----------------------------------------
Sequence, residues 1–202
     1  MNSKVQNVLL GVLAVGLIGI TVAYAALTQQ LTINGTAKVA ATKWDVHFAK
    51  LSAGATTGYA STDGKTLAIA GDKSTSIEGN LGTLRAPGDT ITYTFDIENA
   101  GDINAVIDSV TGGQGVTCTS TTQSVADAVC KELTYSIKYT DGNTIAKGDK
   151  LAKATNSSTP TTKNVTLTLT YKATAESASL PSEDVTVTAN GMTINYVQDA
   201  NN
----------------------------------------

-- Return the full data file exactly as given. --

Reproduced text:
Sequence, residues 1–202
     1  MNSKVQNVLL GVLAVGLIGI TVAYAALTQQ LTINGTAKVA ATKWDVHFAK
    51  LSAGATTGYA STDGKTLAIA GDKSTSIEGN LGTLRAPGDT ITYTFDIENA
   101  GDINAVIDSV TGGQGVTCTS TTQSVADAVC KELTYSIKYT DGNTIAKGDK
   151  LAKATNSSTP TTKNVTLTLT YKATAESASL PSEDVTVTAN GMTINYVQDA
   201  NN